Picture"Kiran Rao", "url"=>"https://kiranrao.in"}.">

Hi, I'm {"name"=>"Kiran Rao", "url"=>"https://kiranrao.in"}.

Android Developer. Tech enthusiast. Serial dabbler.

Framework laptop: A game-changer in sustainable electronics

This post is the first in a series of businesses that are positive and sustainable. With this series, I want to show that it is possible for for-profit businesses to be ethical and sustainable. You can read all posts in this series here.

About Framework

In case you hadn’t heard of it already, Framework is a laptop company that sells upgradable laptops. There already exist several reviews of the Framework laptop online so this post will not go into all the details.

Their mission is to fix consumer electronics. Specifically to make consumer electronics more sustainable. Does the laptop deliver on this promise? Let’s find out.I have been using a Framework laptop as my primary (and only) device since April 2022. This post is my honest review.

My laptop specs

Here are some highlights of the configuration that I opted for

  • I went for the DIY edition - that saved me about €200
  • 11th Gen Intel® Core™ i7
  • 64GB RAM
  • A bunch of expansion cards (USB-A and C, HDMI, DP etc)
  • I purchased the Windows 10 Home Edition but never installed it (been using Fedora Linux since day 1)

The Good so far

  • The initial DIY setup experience was great. I was stuck at one point while inserting the RAM but Framework has an amazing community. It took me no time to find the solution.
  • Performance is pretty good. I don’t have a MacBook to compare with but in general I don’t have problems with IDE usage or build speeds
  • Fingerprint reader works with Linux out of the box
  • Hardware switches for camera and mic are welcome. I never knew I needed them until I had them.
  • Having the flexibility of slotting in any expansion card has been really useful. I was having trouble with USB-A ports and ADB. I then switched to a USB-C port and got a USB-C to USB-A hub and that solved the problem for me.
  • Extremely light weight (I’m migrating from a ThinkPad T460P so you can imagine the difference). However, I barely use it as a laptop itself (see the cons below).
  • I somehow managed to get ants attracted to the laptop (they had even laid eggs near the fan). I know. I know. Long story. However, the point is, it was trivial for me to get rid of them. Framework ships with a single screwdriver which was all I needed to do this repair work. Can you imagine if this had happened to your MacBook Pro?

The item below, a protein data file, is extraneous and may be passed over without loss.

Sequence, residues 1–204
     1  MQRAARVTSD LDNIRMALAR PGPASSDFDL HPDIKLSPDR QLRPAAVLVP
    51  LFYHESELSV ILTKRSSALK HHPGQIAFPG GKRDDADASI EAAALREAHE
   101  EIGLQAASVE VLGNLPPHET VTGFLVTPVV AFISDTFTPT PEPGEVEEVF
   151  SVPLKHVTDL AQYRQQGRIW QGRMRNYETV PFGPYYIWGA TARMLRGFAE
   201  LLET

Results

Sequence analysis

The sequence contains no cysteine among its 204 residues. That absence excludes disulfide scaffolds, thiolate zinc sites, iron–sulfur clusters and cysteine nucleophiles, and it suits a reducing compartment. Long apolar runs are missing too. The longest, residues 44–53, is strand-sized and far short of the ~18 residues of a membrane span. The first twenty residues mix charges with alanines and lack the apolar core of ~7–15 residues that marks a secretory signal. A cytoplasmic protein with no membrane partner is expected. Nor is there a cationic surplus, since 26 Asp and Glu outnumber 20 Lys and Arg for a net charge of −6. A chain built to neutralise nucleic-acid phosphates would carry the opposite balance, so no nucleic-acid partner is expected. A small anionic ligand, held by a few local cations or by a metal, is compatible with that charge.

The Bad so far

  • Battery life is not as good as I would have expected. This is not a big deal for me because 99% of the time I use it plugged to the power.
  • I’m not finding it easy getting used to the 3:2 aspect ratio. This is also not a big deal for me since for an overwhelming majority of the time, I use an external monitor.
  • Build quality itself is not the bestest out there (that said, I would say that the quality is absolutely good for the price).

The Ugly so far

  • I’ve had some intermediate issues with freezes and such; but it turned out they were related to Fedora Linux and the kernel. Right now, all of these issues have been fixed.
  • I purchased the laptop while I was in EU, but now I’m in India. At the time of this writing, Framework does not ship to India. So, if I need any accessories or support, I will be in a spot of trouble.

Beyond my personal experience

It is no secret how that trillion-dollar company that shall not be named became a trillion-dollar company: By forcing you to upgrade your electronics even when it was not needed. By poisoning the environment through e-waste. It is no secret that $BIGTECH wants you to believe that this is the only way to run the electronics industry.

Framework set out to prove $BIGTECH wrong. That it is possible to make electronics that are sustainable. That you don’t need to throw out your old device after 2 years and buy a new one.

In my opinion, Framework has taken a solid first step. The fact that they embarked on this endeavour before the various Right-To-Repair laws came into effect speaks for their vision. Other companies cough cough Gravity-Fruit-Company cough were forced to introduce some semblance of repairability by regulators. Framework, on the other hand, started with it as a core tenet.

I’m also confident about the sustainability of the business model itself. Framework has already released an upgrade (2nd Gen) and it has a thriving marketplace.

And here’s the reason why I feel that Framework is a game-changer: The success of the Framework laptop is bound to catalyze the entire industry. More products, more categories. It is also bound to force the incumbents to start offering similar products. This has already happened, with Dell announcing a repairable laptop.


All in all I do experience some pain points with my Framework laptop, but overall I find myself very productive with this laptop. It was a bold step to use this as my only laptop since as a developer it is my bread and butter; but I don’t regret my decision. That last sentence bears repeating:

It was a bold step to use Framework as my only laptop since as a developer it is my bread and butter; but I don’t regret my decision.

Beyond my personal experience, I have no doubt in my mind that Framework will prove to be a turning point in the sustainable electronics industry.

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